Document Type



Purpose – The purpose of this paper is to examine sales manager training approaches, methods, and instructors (as well as their perceived effectiveness, frequency, and assessment). Design/methodology/approach – Utilizing a survey approach, data were collected (and analyzed) from 355 members of two associations: the United Professional Sales Association and the American Society for Training and Development. Findings – First, internal training approaches and instructors are most commonly used and perceived as most effective. Second, sales managers are exposed to a wide variety of training content as part of their training activities. Third, the frequency, duration, and assessment of training vary widely among respondent organizations. Research limitations/implications – The utilized sample of sales managers and trainers are employed by firms within the USA. Cultural differences could exist in training practices, training content, and perceptions of effectiveness among respondents from other countries. Practical implications – First, sales manager training activities lie on a continuum that complicates effectiveness measurement. Second, sales manager training should be provided in the field by those who are either senior to or more knowledgeable on the training topic(s) than the sales manager. Third, internet-based training methods are still in their infancy. Fourth, the complexities associated with the sales manager position lead to a need for varied training being delivered by diverse instructors. Originality/value – Almost a decade has passed since the last empirical studies of the “nuts and bolts” of sales manager training practices were published. The current study builds on previous work by utilizing a larger sample and incorporating technology advances and new content areas (e.g. financial analysis, networking, partnering, cross-functional activities).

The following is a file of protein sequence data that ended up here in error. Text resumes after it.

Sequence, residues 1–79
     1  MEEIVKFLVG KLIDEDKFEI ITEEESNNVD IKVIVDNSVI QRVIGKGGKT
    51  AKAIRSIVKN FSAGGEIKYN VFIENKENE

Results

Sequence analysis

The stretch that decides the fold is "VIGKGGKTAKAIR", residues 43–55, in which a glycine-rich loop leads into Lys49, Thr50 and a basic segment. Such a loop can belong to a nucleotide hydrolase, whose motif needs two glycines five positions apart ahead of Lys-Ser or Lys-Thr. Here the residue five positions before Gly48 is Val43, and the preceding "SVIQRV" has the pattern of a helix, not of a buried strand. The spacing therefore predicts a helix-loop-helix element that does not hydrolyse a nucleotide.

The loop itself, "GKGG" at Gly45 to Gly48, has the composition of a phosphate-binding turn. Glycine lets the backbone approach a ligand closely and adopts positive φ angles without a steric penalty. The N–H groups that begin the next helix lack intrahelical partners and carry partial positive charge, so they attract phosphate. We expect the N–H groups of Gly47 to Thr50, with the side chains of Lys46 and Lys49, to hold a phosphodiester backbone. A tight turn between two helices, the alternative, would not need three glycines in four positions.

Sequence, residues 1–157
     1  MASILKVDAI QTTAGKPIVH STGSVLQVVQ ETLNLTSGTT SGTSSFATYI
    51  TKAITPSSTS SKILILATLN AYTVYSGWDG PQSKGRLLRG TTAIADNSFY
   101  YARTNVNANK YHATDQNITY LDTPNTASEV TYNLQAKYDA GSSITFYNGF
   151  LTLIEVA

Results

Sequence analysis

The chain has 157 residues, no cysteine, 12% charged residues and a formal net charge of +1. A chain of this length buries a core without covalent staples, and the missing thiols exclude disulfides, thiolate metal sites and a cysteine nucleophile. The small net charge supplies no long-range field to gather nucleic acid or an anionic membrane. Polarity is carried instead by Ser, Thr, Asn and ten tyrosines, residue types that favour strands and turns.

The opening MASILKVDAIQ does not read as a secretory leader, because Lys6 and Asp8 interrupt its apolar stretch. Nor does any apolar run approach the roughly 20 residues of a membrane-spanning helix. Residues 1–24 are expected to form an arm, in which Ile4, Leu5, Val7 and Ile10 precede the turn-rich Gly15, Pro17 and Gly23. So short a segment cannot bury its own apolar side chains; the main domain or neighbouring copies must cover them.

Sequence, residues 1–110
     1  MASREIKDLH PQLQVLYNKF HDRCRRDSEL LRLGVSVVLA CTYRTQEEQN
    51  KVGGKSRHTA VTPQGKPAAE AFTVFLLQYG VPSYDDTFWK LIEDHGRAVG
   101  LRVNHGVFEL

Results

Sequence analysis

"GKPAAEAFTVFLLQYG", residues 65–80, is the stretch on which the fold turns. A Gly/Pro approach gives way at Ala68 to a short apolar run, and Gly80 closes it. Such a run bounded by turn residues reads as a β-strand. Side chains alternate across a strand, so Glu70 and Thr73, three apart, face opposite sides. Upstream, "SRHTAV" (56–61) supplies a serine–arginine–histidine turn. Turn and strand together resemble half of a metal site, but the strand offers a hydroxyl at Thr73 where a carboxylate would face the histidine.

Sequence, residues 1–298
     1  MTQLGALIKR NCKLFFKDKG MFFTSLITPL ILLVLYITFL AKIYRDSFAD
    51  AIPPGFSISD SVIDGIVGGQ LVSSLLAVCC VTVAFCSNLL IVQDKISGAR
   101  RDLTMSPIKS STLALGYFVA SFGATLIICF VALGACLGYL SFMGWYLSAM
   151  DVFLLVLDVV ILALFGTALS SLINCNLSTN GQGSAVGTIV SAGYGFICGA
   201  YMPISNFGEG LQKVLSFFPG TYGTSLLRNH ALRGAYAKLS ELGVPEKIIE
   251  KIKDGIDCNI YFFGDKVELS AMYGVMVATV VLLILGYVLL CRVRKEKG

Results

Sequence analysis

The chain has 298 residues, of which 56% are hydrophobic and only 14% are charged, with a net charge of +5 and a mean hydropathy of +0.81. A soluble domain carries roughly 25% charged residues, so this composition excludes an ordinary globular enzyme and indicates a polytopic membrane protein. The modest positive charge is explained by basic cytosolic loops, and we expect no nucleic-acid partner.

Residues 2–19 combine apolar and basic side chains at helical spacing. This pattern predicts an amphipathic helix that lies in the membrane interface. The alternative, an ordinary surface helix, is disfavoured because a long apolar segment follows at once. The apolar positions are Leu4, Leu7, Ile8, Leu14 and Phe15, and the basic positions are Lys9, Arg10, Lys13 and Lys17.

Publication Date



Symposium/Special Issue

Original Citation

Gordon, Geoffrey L., et al. (2012). The training of sales managers: current practices. Vol. 27 (Issue 8) pp. 659-672. DOI: 10.1108/08858621211273600

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